Wall Street Journal Shoots Down Space Force

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jserraglio
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Wall Street Journal Shoots Down Space Force

Post by jserraglio » Wed Jul 11, 2018 3:04 am

SpaceNews

https://www.space.com/41101-wall-street ... force.html

WASHINGTON — President Trump has become "fixated" on the idea of a new military branch for space and appears to be ignoring legitimate arguments for why the plan should not move forward at this time, the Wall Street Journal editorial board cautioned in its July 4 editorial titled, "Houston, We Have a Space Force."

"This plan is not ready for the launchpad, even if Mr. Trump is right about the threat," the board wrote.

The Journal's take on the Space Force underscores just how politicized this issue has become since the president on June 18 at a White House space policy event ordered Gen. Joseph Dunford, chairman of the Joint Chiefs of Staff, to "immediately begin the process necessary to establish a Space Force as the sixth branch of the armed forces." The Pentagon has strongly opposed the idea after the leaders of the House Armed Services strategic forces subcommittee floated legislation in 2016 to create a Space Corps. After Trump's announcement, Defense Secretary Jim Mattis said the Pentagon would follow the president's guidance. [Military Space: Spacecraft, Weapons and Tech]

The formation of a new military service under any circumstance requires congressional authorization but the WSJ board does not see that as a major impediment. "Members of both parties seem willing, albeit after a fight over whose district will host the space cadets."

The president should "proceed with caution," the editorial warns. The issue is not that space doesn't deserve attention, but that the military is weighed down by a bloated bureaucracy and overhead costs and can ill afford to take on the additional expense of a Space Force.

The board credits the Air Force — which now oversees 90 percent of military space activities — for taking on inefficiency. "Secretary Heather Wilson has made fixing some of the dysfunction a priority by streamlining duplicative procurement." A wholly separate space forcewould "replicate these problems on a larger scale," the Journal's editorial said. "Branches of the military form their own cultures but also their own civilian workforces and back-end offices to manage operations. Service chiefs compete for dollars from Congress, and budget fights can be more about preserving power centers than national security." A Space Force will bring added personnel costs because the Air Force will try to avoid surrendering its personnel and dollars to a new branch.

Trump and congressional proponents of a separate Space Force are correct to identify space as a military domain that has to be better defended as foreign powers like Russia and China pose challenges, the editorial noted. But it urged the president to rethink this idea as the military already is financially strained by rising personnel costs and still recovering from a readiness crisis.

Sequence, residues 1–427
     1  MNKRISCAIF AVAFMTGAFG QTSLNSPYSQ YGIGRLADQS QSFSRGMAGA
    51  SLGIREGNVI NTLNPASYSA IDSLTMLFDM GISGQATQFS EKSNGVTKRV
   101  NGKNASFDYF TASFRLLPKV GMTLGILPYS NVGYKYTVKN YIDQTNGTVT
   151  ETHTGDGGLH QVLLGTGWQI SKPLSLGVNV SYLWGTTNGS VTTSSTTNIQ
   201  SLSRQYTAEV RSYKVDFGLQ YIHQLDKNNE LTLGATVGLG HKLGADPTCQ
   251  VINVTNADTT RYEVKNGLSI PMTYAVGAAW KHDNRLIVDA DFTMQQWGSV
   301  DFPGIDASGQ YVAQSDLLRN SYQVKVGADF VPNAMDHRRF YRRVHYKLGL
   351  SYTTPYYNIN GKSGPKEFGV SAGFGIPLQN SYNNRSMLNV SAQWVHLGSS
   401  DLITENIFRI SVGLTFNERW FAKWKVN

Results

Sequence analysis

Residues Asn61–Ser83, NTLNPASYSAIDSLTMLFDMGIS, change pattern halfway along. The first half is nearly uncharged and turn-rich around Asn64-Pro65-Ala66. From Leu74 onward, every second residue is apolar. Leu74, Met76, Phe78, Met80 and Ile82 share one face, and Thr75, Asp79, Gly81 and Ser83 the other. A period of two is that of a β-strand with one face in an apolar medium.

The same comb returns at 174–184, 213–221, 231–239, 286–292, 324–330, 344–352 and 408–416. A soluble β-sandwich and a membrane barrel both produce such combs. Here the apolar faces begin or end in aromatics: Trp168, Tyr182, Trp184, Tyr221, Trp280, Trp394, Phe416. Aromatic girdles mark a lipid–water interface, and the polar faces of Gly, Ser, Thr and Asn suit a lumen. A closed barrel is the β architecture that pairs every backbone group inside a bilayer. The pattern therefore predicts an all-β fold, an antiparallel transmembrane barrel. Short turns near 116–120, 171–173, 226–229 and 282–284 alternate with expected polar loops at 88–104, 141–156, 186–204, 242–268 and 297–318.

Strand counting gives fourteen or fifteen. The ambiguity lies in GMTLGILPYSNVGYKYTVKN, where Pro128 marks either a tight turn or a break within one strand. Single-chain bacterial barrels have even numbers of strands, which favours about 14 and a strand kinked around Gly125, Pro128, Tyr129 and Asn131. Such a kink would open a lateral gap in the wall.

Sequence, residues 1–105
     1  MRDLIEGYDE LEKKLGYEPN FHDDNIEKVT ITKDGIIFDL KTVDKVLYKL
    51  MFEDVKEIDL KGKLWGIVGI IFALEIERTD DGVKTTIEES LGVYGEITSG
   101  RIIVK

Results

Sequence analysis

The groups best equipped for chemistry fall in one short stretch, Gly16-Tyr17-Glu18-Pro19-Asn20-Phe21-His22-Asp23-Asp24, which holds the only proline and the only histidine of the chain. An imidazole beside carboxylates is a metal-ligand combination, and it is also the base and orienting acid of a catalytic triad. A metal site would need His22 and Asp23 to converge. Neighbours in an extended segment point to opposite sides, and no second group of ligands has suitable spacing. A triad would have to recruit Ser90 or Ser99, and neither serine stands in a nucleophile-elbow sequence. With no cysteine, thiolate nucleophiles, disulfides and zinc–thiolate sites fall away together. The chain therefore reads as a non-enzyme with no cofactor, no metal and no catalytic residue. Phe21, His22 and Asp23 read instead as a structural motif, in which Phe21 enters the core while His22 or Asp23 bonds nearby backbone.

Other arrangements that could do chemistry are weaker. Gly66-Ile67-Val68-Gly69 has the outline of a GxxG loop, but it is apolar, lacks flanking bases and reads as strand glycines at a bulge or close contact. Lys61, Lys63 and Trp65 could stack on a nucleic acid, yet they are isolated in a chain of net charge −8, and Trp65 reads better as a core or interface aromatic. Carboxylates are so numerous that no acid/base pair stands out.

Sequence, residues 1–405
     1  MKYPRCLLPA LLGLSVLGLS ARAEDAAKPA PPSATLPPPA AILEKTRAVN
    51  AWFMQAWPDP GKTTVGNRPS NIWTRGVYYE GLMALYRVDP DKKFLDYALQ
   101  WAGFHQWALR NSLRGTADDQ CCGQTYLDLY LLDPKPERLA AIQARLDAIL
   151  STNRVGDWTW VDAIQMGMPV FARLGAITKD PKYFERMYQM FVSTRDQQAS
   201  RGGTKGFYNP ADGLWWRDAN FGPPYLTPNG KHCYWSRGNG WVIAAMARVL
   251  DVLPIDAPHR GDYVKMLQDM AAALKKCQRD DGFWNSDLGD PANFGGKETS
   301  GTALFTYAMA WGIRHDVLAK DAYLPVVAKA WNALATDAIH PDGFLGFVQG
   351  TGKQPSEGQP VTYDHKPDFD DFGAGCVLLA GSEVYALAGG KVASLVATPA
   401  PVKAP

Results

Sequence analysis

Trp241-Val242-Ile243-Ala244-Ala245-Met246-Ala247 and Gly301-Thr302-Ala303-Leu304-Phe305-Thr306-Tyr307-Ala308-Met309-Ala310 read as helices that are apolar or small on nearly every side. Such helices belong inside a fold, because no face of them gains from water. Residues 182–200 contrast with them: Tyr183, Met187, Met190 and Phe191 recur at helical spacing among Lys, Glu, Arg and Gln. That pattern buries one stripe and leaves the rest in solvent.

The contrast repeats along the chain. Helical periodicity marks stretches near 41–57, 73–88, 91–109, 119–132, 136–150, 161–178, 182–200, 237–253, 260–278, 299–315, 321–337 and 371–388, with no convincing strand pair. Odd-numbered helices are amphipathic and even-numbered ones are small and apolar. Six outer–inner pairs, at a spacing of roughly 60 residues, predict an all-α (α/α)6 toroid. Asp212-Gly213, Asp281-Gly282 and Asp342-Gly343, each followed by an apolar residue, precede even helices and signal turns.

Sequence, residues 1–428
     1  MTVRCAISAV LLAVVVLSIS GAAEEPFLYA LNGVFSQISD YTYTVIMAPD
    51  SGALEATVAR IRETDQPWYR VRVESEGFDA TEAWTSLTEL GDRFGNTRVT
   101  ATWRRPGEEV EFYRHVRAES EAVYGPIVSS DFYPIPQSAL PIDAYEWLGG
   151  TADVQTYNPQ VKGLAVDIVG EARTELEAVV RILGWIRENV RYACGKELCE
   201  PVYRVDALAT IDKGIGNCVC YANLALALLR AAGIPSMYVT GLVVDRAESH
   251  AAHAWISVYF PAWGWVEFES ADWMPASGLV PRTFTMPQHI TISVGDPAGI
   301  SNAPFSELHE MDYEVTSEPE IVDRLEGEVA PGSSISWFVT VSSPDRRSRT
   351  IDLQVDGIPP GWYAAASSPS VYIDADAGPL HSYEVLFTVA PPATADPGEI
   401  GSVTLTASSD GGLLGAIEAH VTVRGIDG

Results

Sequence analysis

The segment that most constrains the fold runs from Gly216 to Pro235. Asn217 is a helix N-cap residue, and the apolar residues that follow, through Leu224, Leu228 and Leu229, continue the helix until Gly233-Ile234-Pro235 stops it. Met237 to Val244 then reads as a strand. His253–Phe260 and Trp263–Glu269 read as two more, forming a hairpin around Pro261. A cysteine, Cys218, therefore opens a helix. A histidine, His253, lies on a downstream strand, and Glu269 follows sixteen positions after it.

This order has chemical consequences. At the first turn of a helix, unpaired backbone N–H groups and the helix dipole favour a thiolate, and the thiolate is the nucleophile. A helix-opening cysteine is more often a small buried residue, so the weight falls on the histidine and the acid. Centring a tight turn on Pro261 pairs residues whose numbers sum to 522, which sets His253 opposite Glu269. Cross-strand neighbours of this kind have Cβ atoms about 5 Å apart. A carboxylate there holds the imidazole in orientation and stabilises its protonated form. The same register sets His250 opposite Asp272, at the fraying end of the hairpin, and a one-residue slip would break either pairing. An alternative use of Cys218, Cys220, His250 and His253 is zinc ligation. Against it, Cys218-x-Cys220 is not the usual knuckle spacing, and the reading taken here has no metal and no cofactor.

The president, meanwhile, continues to bring up the Space Force at military events and political rallies, where every mention draws applause and cheers from crowds.

"You've probably been hearing we may add a little thing called 'Space Force,'" Trump said to a cheering crowd July 3 during the Salute to Service dinner at The Greenbrier Resort in West Virginia. "We're thinking very seriously about it because space is becoming very important militarily, as well as other reasons."

At a July 4 military appreciation event at the White House, Trump delivered a similar line: "We have the Air Force — and by the way, I might add, we very well may soon have the Space Force. You've been hearing about that. Applause) Everyone is very excited about that."

This story was provided by SpaceNews, dedicated to covering all aspects of the space industry.
________________________________________________

WSJ
Houston, We Have a Space Force
https://www.wsj.com/articles/houston-we ... ?mod=e2two
A new military service isn’t needed to compete above the Earth.
By The Editorial Board
July 4, 2018

For most Presidents an event about space regulation wouldn’t produce headline news, but then there’s President Trump. At such an event last month Mr. Trump ordered the Pentagon to develop a de novo military branch dedicated to space. This plan is not ready for the launchpad, even if Mr. Trump is right about the threat.

President Trump’s idea of a “separate but equal” Space Force isn’t novel: The House last year passed a proposal for an independent space branch, and Congress ended up commissioning a study. The argument is that the Air Force is ill-equipped to manage threats from Russia and China, which are aggressively expanding military capabilities in space.